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Subaru Outback Wilderness Gets Left Off The List Of Some New 2023 Upgrades

The Subaru Outback Wilderness doesn’t get all the upgrades the rest of the 2023 Outback trim levels get. Here’s why and what’s next for the Wilderness model.

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Subaru recently introduced the refreshed 2023 Outback midsize SUV with new upgrades inside and out. Why doesn't the 2023 Outback Wilderness get all the upgrades the rest of the 2023 Outback trim levels received? Subaru says the Outback Wilderness is new for the 2022 model year, was recently introduced, and doesn't need any upgrades. At least not on the outside.

Subaru Corporation gives its models a Big Minor Change (BMC) or refreshed in its life cycle in year four. The complete model change (FMC) comes in year five. For 2023, the Outback lineup received a new front fascia incorporating a more prominent grille, redesigned LED headlights and fog lights, and a more rugged front bumper cover. The Wilderness trim level remained unchanged outside.

2023 Subaru Outback features, upgrades, 2023 Outback Wilderness

On the sides, all 2023 Outback trims get expanded wheel arch cladding, "adding to the vehicle's rugged new look while providing additional protection," Subaru of America said. The more rugged Outback Wilderness already comes with the extra wheel arch cladding.

Check out the report on the new 2023 Outback Onyx Edition here. Why The New 2023 Subaru Outback Onyx Is Now Your Best Pick Over Wilderness

2023 Subaru Outback features, upgrades, 2023 Outback Wilderness

Subaru Corporation wants all Outback models sold in North America to appeal to customers with active lifestyles who will use the midsize SUV for more than a daily commuter and weekend grocery hauler. The Camden, N.J. automaker knows it's not just Subaru customers gravitating to the outdoors with their vehicles.

In a recent interview, Michael Redic, Car Line Planning Manager for Subaru of America, told Autoblog, "We see a lot of Subaru customers doing very outdoorsy things in their vehicles. But there is a lot of data showing that this isn't just a Subaru thing per se. This is an American thing that many Americans are getting out there and going to national parks, or even just putting their bikes on their car and going for a long bike ride someplace."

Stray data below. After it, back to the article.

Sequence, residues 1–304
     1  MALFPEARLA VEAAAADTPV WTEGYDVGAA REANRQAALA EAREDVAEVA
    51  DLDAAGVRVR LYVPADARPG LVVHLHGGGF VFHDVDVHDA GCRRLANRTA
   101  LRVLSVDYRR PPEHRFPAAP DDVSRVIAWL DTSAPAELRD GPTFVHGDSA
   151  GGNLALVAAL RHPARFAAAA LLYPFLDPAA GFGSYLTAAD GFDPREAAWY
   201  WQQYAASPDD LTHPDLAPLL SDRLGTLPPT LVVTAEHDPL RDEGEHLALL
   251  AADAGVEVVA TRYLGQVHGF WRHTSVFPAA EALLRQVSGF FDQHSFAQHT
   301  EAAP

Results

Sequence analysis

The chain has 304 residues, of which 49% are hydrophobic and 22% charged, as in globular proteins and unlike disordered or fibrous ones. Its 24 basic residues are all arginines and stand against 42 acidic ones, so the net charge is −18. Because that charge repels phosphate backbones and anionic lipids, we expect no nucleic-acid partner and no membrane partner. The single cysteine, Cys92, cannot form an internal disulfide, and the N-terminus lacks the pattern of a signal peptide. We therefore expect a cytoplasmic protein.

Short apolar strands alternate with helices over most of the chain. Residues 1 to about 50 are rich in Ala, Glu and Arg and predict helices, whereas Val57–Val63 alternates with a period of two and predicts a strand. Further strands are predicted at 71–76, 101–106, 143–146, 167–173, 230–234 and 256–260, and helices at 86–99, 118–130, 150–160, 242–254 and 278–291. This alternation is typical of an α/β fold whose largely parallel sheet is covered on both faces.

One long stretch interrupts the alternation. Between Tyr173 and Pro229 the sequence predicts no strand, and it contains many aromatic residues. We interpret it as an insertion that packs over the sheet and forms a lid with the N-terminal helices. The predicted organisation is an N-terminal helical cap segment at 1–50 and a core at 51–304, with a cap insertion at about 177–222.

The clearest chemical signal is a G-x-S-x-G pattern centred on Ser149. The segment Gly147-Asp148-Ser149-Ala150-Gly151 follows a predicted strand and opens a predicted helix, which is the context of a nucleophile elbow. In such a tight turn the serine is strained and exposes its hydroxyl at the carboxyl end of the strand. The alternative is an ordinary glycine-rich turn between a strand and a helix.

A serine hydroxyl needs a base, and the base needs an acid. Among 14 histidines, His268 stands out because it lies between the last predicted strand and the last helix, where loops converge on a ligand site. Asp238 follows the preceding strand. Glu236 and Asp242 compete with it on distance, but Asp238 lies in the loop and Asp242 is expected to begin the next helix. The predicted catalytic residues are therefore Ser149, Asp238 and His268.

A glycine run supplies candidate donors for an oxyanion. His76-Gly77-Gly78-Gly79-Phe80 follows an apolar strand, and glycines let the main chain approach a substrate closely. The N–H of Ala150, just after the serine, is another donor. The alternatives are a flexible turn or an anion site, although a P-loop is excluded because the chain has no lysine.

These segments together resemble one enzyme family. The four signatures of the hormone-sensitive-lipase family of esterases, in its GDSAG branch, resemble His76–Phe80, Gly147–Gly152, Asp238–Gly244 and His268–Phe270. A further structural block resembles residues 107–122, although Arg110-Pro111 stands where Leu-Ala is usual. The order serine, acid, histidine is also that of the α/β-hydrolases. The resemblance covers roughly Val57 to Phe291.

Subaru wants to capture this market and wants Americans to look at not just the more rugged Wilderness trim. And that all Outback trim levels are geared toward active customers with adventurous lifestyles.

Subaru knows customers want active safety features

The 2023 Outback Wilderness does get the latest version of EyeSight Driver Assist Technology. Subaru says the enhanced system operates more smoothly and under a more extensive range of conditions. "These improvements are thanks to a wider field of view, updated control software, and the addition of an electric brake booster," says Subaru.

When will the Subaru Outback Wilderness trim level get the new exterior upgrades? The 2024 model will likely remain the same, and we won't see new styling upgrades until the complete model change for the 2025 Subaru Outback Wilderness.

You Might Also Like: The 2023 Subaru Outback’s New Mono Camera And How It Improves Safety

Denis Flierl has invested over 30 years in the automotive industry in a consulting role working with every major car brand. He is an accredited member of the Rocky Mountain Automotive Press. Check out Subaru Report where he covers all of the Japanese automaker's models. More stories can be found on the Torque News Subaru page. Follow Denis on Facebook, Twitter, and Instagram.

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Photo credit: Subaru USA, main image Subaru Canada

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Comments

I gues if I am… (not verified)    April 19, 2022 - 5:21PM